The musical Happiness received some pretty disappointing reviews when it opened last month at the Lincoln Center's Mitzi Newhouse Theater. Expectations were high for composer Scott Frankel and lyricist Michael Korie after they came seemingly out of nowhere with their stunning Grey Gardens.
So, when I saw Happiness a few weeks back, I entered the theater with a measured dose of caution. Well, the good news is that Frankel and Korie remain in excellent form with their complex and evocative score for Happiness. Unfortunately, that score is surrounded by John Weidman's muddled book and Susan Stroman's uneven direction.
[SPOILER ALERT: The text below reveals a major plot device. If you plan to see the show, and want to preserve the surprise, you may want to read this review subsequently.]
Happiness -- which bares no relationship whatsoever to Todd Solondz's disturbing 1998 movie of the same name -- concerns a group of strangers who meet on a New York subway car. Unfortunately, I was tipped off to the show's major plot twist while reading the review of one of my fellow bloggers. In her defense, she did provide a spoiler alert, but then she revealed the spoiler immediately after the alert, and before I knew it, I knew it, as it were. So, I'm doing my best to bury the surprise deep within this paragraph. OK, now that I've put a considerable amount of text between the alert and the surprise, here it is: the subway car turns out to be a modern version of the boat across the River Styx. Essentially, everyone on the car is dead, and the task before them is to choose one perfect moment from their lives. They will then spend the rest of eternity living in that moment. This conceit provides a framing device for the rest of the show: the musical numbers arise out of each character's attempt to select their own perfect moments.
The opening of the show reminded me of the work of Stephen Flaherty and Lynn Ahrens, masters of the extended opening sequence. Happiness begins with a sequence of similar ambition and complexity, although the point of this sequence seemed muddled by Weidman's attempts to establish a series of urban stereotypes: the yuppie-scum lawyer, the gay interior designer, the Hispanic bike messenger, the deaf old lady, etc. I was surprised Weidman didn't throw in a chef, an astronaut, and an Indian chief. It seems probable that Weidman intends these characters to appear initially to be stereotypes, but later reveal themselves as something far more rich and interesting. But the show, as currently written, doesn't successfully portray those character transformations, making the transitions seem abrupt and forced.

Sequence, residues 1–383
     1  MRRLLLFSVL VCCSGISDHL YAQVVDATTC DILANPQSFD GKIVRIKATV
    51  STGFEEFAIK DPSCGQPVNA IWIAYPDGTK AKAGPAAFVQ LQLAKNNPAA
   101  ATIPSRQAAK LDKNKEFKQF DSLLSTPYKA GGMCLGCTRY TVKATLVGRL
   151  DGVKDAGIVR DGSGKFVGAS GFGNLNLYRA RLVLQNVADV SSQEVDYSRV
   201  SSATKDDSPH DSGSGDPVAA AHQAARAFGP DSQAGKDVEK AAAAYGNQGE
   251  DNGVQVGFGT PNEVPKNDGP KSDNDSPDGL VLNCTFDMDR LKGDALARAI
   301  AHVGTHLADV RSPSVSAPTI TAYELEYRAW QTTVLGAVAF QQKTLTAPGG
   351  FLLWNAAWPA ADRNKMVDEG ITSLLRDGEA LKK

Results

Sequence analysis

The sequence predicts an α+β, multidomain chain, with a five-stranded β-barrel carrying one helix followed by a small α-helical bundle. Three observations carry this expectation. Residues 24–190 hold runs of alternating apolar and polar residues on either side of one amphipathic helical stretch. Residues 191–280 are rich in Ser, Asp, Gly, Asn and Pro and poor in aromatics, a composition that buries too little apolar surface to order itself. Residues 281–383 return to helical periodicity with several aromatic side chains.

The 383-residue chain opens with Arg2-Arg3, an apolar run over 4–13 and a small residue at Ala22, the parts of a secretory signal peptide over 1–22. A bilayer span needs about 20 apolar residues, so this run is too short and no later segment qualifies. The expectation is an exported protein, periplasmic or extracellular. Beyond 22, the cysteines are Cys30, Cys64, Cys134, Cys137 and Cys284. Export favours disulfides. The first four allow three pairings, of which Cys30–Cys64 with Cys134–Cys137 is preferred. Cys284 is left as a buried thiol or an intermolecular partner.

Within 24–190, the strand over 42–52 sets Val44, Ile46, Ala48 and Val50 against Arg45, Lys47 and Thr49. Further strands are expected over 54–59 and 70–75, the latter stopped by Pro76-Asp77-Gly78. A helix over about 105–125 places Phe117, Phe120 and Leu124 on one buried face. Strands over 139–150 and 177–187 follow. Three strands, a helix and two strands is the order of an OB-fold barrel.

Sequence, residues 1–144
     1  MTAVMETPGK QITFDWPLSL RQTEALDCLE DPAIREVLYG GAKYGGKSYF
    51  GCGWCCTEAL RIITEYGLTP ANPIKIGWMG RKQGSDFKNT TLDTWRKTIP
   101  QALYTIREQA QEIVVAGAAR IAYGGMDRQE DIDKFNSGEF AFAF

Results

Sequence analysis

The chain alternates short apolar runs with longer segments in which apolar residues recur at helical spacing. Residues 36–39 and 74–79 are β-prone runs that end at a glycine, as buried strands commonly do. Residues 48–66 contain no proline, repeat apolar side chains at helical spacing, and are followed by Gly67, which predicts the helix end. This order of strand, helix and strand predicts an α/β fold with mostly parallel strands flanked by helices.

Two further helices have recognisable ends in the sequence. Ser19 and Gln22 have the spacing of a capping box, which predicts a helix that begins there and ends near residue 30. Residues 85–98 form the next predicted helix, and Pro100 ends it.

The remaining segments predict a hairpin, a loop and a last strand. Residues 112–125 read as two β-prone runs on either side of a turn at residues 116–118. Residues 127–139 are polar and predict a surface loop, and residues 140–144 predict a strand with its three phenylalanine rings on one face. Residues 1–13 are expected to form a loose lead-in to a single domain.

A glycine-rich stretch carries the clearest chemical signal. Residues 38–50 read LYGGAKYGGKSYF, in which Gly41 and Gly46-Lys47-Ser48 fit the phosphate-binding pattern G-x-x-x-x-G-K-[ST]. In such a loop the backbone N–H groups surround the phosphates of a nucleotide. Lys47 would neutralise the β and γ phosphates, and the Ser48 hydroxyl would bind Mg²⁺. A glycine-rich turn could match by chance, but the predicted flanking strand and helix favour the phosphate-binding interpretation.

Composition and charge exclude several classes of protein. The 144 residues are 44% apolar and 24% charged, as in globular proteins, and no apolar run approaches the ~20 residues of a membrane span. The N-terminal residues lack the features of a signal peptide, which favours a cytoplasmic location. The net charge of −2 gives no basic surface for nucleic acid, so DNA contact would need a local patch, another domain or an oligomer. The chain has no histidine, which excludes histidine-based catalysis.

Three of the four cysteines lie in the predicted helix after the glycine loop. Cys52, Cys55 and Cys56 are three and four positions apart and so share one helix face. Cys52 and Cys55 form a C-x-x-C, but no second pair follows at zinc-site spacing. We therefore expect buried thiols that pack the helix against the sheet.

After the aforementioned revelation, the show settles into a series of flashbacks, and suddenly it comes alive, albeit intermittently. The first two flashback numbers are sweet and moving, if a bit pat. The deaf old lady (Phyllis Somerville) transforms into a young girl who falls in love at a dance with a soldier headed off to World War II. Stroman stages this very effectively, with the younger and older counterparts taking turns dancing with the young suitor. To Stroman's credit, this is the first significant use of dance in the show, coming some 30 minutes in. It reminded me of Jerome Robbins using dance so sparingly, and thus far more effectively, in putting together Gypsy.
The second flashback involves an older gentleman (Fred Applegate) who recalls the day his doorman father took off from work to take him to a Giants game. The scene and song could easily have descended into sentimental claptrap, but instead are executed here with heart and honesty. As the characters and their stories become more complicated, the show falters. The fault here lies mostly with Weidman, whose shows (e.g. Assassins, Pacific Overtures) tend to be more clever than effective, although occasionally the two merge, as they did in Contact.
Humor and heart have never been Weidman's forte. He also tends to fall short in character development, as he demonstrated in the recent Road Show. In Happiness, Weidman clearly wants us to see behind the stereotypes. There's the right-wing radio show host (Joanna Gleason) who turns out to be a disenchanted hippie from the '60s. Then there's the heartless lawyer (Sebastian Arcelus) who sees the error of his master-of-the-universe ways and is supposed to become the show's conduit for redemption. But the denouement comes in the form of a deus ex machina shift, not unlike that at the end of Brigadoon, and just as unbelievable.
Happiness runs through June 7th at LCT. The show has such a promising premise, and so many sublime moments, that it really seems salvageable. But it's going to need some major work if it's going to have any kind of...er...afterlife. It's not often these days that we see an entirely original musical, let alone one this ambitious in conception. I'm hoping that there are plans to further develop the show, perhaps regionally, as happened with Next to Normal. If not, well, at least we have Frankel and Korie's upcoming musical, Finding Neverland, to look forward to.